2015 Dodge Charger R/T Scat Pack Review

Insane at any speed.

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September 15, 2015

2015 Dodge Charger R/T Scat Pack Review

The latest look is the Charger's best yet. It's fully modernized while still maintaining enough classic design cues to make it instantly recognizable.

Introduction
The Dodge Charger R/T Scat Pack is nuts. There are no two ways about it; this car is fiscally, socially, economically, and probably morally irresponsible. And if you think that's a bad thing, then you're not the kind of person who should be driving this car anyway.

The Dodge Charger in general, and the R/T Scat Pack in particular, are not meant for average car buyers. This car is a throwback to another era, and if you don't care for that era, chances are you won't care for this car.

2015 Dodge Charger Exterior The latest look is the Charger's best yet. It's fully modernized while still maintaining enough classic design cues to make it instantly recognizable. The Charger is an old-school barge. A big, heavy rectangle with a blank, yet menacing monobrow stare.

Nearly everything has been redone on the 2015 Charger: hood, fenders, fascia, doors, head lights, tail lamps, and wheels. The overall look is the same; there's still that bent-carpet-staple-shaped indentation on the sides, but the front end is noticeably different.

The headlights are no longer set back from the grille, but rather integrated all into one flowing shape. It's more aerodynamic looking, it's sleeker, and it is more true to the spirit of the original Charger look.
2015 Dodge Charger Interior Dodge has done a creditable job improving the look of its interiors, but the materials still feel a tad cheap for a car that tops out close to $50K. Like the exterior, almost everything on the interior is new: the digital gauge cluster, the center stack, the steering wheel, and the shifter.

I'm not a fan of Dodge's rounded-corners-on-everything design style, but the interior is better. The steering wheel has a sportier-looking Dodge logo and the wheel-mounted controls no longer look like they were ripped out of a 2006 Lexus.

The cabin is cavernous. It feels like it could easily seat seven, even though it only seats four (five if you want to be ridiculous), which is also true to the original, which was a four-seater.
2015 Dodge Charger On the Road Purists may argue over just how 'authentic' these modern muscle cars are, but one thing that can't be denied is that driving a V-8-driven sled like this is a unique experience. It's truly insane; probably the most insane car you can get for under $80K. It's true, nobody needs this much horsepower, but it's equally true that nobody can possibly not enjoy driving a car this crazily powerful.

So yes, the look, the tech, and the price may make this a different animal from the original upon which it's inspired, but the experience of driving it is undeniably retro. Also extremely retro is the fuel efficiency, if one can even use the word 'efficiency' when referring to a car that gets 14 mpg, even without ever being put into Sport+, let alone Track mode.

But practicality is definitely not something Charger buyers give a tinker's cuss about (they'd better not), going 'off the chain' is. This car is off the chain at idle. Actuate the accelerator, even slightly, and you'll soon understand this car's true purpose: to be a complete and total menace to society.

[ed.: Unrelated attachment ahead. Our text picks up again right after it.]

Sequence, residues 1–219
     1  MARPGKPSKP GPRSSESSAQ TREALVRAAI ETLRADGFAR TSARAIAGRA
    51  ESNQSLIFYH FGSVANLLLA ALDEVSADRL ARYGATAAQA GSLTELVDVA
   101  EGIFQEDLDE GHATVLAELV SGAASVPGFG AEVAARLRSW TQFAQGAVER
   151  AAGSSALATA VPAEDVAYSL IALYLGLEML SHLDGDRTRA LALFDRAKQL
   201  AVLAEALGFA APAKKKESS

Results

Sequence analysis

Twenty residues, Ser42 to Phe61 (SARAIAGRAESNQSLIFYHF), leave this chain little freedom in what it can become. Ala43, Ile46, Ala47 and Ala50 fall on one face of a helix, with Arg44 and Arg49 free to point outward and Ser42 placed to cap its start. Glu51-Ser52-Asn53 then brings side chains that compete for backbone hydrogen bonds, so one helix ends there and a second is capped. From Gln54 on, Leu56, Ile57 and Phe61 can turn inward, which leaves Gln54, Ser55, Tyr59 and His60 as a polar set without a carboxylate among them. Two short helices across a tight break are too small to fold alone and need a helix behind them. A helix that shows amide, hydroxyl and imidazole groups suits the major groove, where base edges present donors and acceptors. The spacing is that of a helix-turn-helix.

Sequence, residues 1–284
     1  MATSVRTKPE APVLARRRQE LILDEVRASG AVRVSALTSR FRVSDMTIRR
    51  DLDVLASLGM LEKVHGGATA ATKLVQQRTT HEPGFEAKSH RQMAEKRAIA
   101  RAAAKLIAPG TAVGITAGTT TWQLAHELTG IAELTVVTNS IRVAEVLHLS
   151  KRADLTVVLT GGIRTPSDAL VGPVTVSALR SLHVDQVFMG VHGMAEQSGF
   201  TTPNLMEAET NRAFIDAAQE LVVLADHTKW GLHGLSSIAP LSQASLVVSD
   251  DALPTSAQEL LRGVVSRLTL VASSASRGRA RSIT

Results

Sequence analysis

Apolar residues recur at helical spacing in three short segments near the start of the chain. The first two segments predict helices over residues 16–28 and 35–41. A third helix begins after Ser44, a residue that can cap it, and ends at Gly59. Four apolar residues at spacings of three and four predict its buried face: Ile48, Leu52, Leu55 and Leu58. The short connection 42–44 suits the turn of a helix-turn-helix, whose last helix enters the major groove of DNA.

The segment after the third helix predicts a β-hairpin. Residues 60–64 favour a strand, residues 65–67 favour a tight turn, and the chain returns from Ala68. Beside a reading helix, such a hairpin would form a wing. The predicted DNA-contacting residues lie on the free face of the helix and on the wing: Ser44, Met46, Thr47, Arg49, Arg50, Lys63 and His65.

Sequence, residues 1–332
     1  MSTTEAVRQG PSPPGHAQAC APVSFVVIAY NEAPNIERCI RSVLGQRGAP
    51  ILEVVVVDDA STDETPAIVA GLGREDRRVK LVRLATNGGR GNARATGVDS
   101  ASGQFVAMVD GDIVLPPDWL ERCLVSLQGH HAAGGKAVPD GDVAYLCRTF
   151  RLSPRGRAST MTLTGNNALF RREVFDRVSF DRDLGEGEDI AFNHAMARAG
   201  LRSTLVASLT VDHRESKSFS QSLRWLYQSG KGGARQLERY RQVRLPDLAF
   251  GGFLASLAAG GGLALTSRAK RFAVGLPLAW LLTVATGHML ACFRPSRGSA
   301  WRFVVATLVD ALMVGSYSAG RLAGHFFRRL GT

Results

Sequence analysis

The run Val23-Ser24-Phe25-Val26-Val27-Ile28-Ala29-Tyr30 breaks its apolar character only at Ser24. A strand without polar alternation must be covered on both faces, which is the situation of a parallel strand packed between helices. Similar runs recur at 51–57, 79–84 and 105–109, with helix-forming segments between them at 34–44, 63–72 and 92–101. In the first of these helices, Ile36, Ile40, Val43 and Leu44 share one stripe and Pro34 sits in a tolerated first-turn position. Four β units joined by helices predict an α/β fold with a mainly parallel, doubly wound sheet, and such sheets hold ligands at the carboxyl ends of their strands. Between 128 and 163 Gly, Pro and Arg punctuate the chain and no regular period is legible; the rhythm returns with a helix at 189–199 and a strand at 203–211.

At the end of the day, the most retro thing about the Charger is its dimensions, which not only look and feel retro, but drive rather retro. It's as nimble as a car of this size and heft can be, but that's not so much. After all, you're not supposed to be whipping this car around curves, you're supposed to be drifting. Which you will be, frequently, whether or not you even know what the word drifting means.

The most incongruous aspects of the Charger, from a retro standpoint, are the advanced safety features. With adaptive cruise, lane departure assist, and autonomous braking, you can actually make your Charger more or less self-driving on the freeway. Why anyone would want a car like the Charger to drive itself is beyond me, unless maybe it's the only way you can keep yourself from speeding.
2015 Dodge Charger Conclusion The Charger is among the last of a dying breed; high-horsepower, V-8-driven, rear-wheel behemoths that can be drifted effortlessly, and can lay patches like there's no tomorrow. Unfortunately, thanks to the abysmally low gas mileage (we managed to stay around the minimum of 15 mpg, but just barely), that 'no tomorrow' thing might happen sooner than later.
2015 Dodge Charger Specs & Prices b>Engine: 6.4-liter naturally aspirated V-8

Transmission: Eight-speed automatic

Drivetrain Layout: Front-engine, rear-wheel drive

Power Output: 485 hp / 475 lb-ft

Fuel Economy (mpg): 15 city / 25 highway

Base Price: $39,995

As Tested: $46,765 (incl. $995 destination)

Available Features:

Technology Group: Bi-function HID headlamps, blind spot and cross path detection, adaptive cruise control with Stop, Full speed forward collision warning plus lane departure warning with lane keep assist, advanced brake assist

Driver Confidence Group: Power memory mirrors with manual fold, Uconnect 8.4-inch touchscreen AM/FM/SXM/BT/NAV, 3D navigation, HD radio

Other Options: Leather with alcantara performance seats, heated and ventilated front seats, heated rear seats, heated steering wheel, audo-adjustible exterior mirrors552-Watt Beats audio system with 10 speakers plus subwoofer


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